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I Know that binary files connot be read by text editors, thay can be read only by programs. but when I create binary files using java(bytes), I can open files and read it ? why that happens? In other words, I see a plain text rather than a sequence of zeros and ones. I know that in java there are byte-based streams and character-based streams. when I use byte-based streams such as FileOutputStream, the output is characters not bytes.

    File file = new File("Myfile.dat"); // .txt or .bin
    FileOutputStream fos = new FileOutputStream(file);
    String data = "Hello, world";
    fos.write(data.getBytes());
    fos.close();

when I open Myfile.dat using notepad, I expect to see special characters or 0s and 1s but I can read the content "hello world". So I do not undrstand how byte-based streams store characters in binary format?

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closed as not a real question by AVD, Matt Ball, JB Nizet, home, Paŭlo Ebermann Sep 26 '11 at 23:55

It's difficult to tell what is being asked here. This question is ambiguous, vague, incomplete, overly broad, or rhetorical and cannot be reasonably answered in its current form. For help clarifying this question so that it can be reopened, visit the help center.If this question can be reworded to fit the rules in the help center, please edit the question.

    
Your question is too vague to answer at the moment. Please read tinyurl.com/so-hints –  Jon Skeet Sep 26 '11 at 13:01
    
What do you mean by "read it"? Are you seeing plaintext or a bunch of nonsense characters? –  John Giotta Sep 26 '11 at 13:02
7  
Every file is "binary." It's only a matter of how the zeros and ones are interpreted. –  Matt Ball Sep 26 '11 at 13:02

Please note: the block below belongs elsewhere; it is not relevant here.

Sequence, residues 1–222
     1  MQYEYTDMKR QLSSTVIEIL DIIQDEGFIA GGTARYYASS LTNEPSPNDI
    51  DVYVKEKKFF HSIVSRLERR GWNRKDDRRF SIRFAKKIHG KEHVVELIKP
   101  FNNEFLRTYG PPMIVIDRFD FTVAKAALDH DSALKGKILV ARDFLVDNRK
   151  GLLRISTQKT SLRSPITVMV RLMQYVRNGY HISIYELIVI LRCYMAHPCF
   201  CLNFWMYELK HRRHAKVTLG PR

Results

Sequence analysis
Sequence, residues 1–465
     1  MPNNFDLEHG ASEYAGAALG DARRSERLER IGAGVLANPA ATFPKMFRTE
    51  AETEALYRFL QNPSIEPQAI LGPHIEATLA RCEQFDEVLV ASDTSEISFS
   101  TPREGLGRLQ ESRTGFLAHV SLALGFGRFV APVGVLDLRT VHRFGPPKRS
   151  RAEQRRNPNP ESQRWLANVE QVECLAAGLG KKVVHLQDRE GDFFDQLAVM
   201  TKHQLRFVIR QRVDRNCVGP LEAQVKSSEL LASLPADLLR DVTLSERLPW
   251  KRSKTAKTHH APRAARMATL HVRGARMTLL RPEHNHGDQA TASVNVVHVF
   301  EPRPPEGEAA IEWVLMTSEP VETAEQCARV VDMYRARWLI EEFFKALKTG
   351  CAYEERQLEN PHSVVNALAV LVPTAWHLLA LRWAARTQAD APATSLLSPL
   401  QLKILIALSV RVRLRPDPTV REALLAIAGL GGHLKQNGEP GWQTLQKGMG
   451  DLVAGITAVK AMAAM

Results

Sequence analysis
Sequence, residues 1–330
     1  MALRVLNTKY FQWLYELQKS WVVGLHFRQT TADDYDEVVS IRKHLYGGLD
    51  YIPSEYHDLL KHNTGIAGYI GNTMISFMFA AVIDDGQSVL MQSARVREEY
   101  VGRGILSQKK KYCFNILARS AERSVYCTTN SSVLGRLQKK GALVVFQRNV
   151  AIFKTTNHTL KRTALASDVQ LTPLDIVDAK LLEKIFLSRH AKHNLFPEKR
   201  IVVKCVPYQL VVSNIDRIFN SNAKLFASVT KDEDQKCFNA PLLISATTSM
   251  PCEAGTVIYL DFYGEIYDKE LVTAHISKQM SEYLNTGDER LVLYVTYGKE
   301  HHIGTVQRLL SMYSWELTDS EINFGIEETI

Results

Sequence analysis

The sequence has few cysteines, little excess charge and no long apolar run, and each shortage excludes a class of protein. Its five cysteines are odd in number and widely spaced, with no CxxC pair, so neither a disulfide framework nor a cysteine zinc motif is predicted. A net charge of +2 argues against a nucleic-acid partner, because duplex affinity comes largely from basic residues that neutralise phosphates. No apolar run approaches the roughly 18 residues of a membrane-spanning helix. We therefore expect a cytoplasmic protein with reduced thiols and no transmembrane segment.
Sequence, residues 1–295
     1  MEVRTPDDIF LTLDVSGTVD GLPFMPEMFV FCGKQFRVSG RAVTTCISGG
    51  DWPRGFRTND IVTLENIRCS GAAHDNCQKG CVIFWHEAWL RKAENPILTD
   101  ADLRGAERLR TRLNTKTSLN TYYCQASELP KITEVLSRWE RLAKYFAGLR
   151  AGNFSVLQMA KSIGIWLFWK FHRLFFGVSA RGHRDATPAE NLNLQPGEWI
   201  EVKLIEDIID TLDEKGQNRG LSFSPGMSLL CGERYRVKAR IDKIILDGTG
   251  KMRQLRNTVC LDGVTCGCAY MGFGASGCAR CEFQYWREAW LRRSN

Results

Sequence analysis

I edit the question, please reread it. –  sahar Sep 26 '11 at 20:00
    
@sasola Because you're writing ASCII (not quite true, but for the purposes of this discussion, close enough), which text editors can understand. Again--all files are binary. A 0b01101001 is 65 decimal, which is a capital "A". A text editor understands an "A", so it displays fine. –  Dave Newton Sep 26 '11 at 20:29

3 Answers 3

It's not that "binary files" can't be read by text editors, it's that "binary files containing characters useless to a text editor can't be read/edited in a meaningful way". After all, all files are binary: it just depends on what's contained in them.

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I edit the question and add more details, you can take a look –  sahar Sep 26 '11 at 20:07

Binary files can be opened by most text editors too, it just depends on what the binary values are and how the editor interpret them as text values. There is no reason why you couldn't open the output of your Java program in Notepad or any simple text editor - you'll just see gibberish and special characters! If you wan to see the contents as binary then you'll need a binary file editor/viewer such as hexEdit.

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I edit the question and add more details, you can take a look –  sahar Sep 26 '11 at 20:06

What exactly do you mean by "binary file"? There is no magic tag that marks a file as either a "binary file" or a "text file" (at least not in any OS in common use these days).

A file is nothing but a stream of bytes with a name and some metadata (creation date, permissions, ...) attached.

Whether the content can be interpreted as text or bytes depends entirely on the content.

So if you write a file only using binary values less than 128 (and avoid some low values), then the result is valid ASCII and might look (roughly) like a text file when opened in a text editor.

If, however, you write random bytes to a file, then opening it with a text editor will not result in sane output.

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I edit the question and add more details, you can take a look. –  sahar Sep 26 '11 at 20:02

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